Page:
Confusion of names befuddles bequests

From ANIMAL PEOPLE, September 2005:


Hunter Vernon D. Lybolt Jr., 57, of
Forest, Virginia, born and raised in New York,
unmarried with no children, siblings, or living
parents, died in July 2004, leaving his
$600,000 estate to the “Bedford County ASPCA
Animal Shelter.” The estate is now claimed by
the Bedford Humane Society, the county-managed
Bedford Animal Shelter, the New York City-based
American SPCA, and a coalition of 13 relatives.
As result of a similar case, in which
the Royal SPCA of Great Britain received £250,000
from a Scots estate, the Scottish SPCA recently
surveyed 10,000 donors and found that 87% had
mistakenly donated to the RSPCA. Founded in
1839, one year before the former London Humane
Society became the RSPCA, the SSPCA endured a
cash flow crisis in 2002 that had the trustees
threatening to lay off staff and close seven of
13 regional rescue centers.
Hoping to clear up the confusion, the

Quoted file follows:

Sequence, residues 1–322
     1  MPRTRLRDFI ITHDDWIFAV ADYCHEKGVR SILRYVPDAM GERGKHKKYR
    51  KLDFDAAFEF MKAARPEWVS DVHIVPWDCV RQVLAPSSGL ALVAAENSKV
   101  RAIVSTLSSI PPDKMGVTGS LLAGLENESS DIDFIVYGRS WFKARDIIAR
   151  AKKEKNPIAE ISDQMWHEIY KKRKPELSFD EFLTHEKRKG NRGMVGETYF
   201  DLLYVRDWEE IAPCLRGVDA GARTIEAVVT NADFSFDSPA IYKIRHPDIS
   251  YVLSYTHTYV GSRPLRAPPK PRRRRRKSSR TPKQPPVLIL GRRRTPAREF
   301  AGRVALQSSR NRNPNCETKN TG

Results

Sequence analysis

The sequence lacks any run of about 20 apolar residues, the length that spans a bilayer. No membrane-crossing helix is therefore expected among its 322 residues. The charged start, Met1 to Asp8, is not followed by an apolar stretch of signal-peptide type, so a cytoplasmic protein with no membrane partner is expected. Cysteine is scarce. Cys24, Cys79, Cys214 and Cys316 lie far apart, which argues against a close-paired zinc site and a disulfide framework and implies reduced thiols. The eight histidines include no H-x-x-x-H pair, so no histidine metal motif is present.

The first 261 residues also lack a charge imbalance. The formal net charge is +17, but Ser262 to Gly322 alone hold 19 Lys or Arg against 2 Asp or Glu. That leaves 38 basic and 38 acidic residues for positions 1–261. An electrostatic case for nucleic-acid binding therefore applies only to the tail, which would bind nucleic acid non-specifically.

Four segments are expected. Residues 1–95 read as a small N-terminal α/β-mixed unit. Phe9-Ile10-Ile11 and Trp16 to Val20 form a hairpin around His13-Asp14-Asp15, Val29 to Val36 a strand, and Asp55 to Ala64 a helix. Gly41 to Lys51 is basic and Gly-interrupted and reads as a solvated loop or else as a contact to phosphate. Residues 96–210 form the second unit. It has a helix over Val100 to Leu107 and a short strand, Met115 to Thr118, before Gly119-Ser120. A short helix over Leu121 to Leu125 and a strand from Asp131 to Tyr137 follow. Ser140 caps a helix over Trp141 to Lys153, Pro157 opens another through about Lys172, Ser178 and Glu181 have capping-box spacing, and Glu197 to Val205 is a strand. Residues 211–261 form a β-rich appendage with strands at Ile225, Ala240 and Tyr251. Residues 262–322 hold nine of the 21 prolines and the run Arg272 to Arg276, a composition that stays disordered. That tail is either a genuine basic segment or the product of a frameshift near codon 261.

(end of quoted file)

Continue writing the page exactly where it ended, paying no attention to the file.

SSPCA on August 1, 2005 introduced new colors
and a new logo.

Similar actions have had mixed results
for other animal charities. Called the National
Canine Defence League from 1891 until October
2003, Dogs Trust seems to have changed names
with no adverse consequences. American Humane,
on the other hand, is still mostly mentioned in
print as the American Humane Association, as it
was known for 127 years, and is still often
confused with both the American SPCA, 10 years
older, and the Humane Society of the U.S.,
begun by former AHA staff in 1954.

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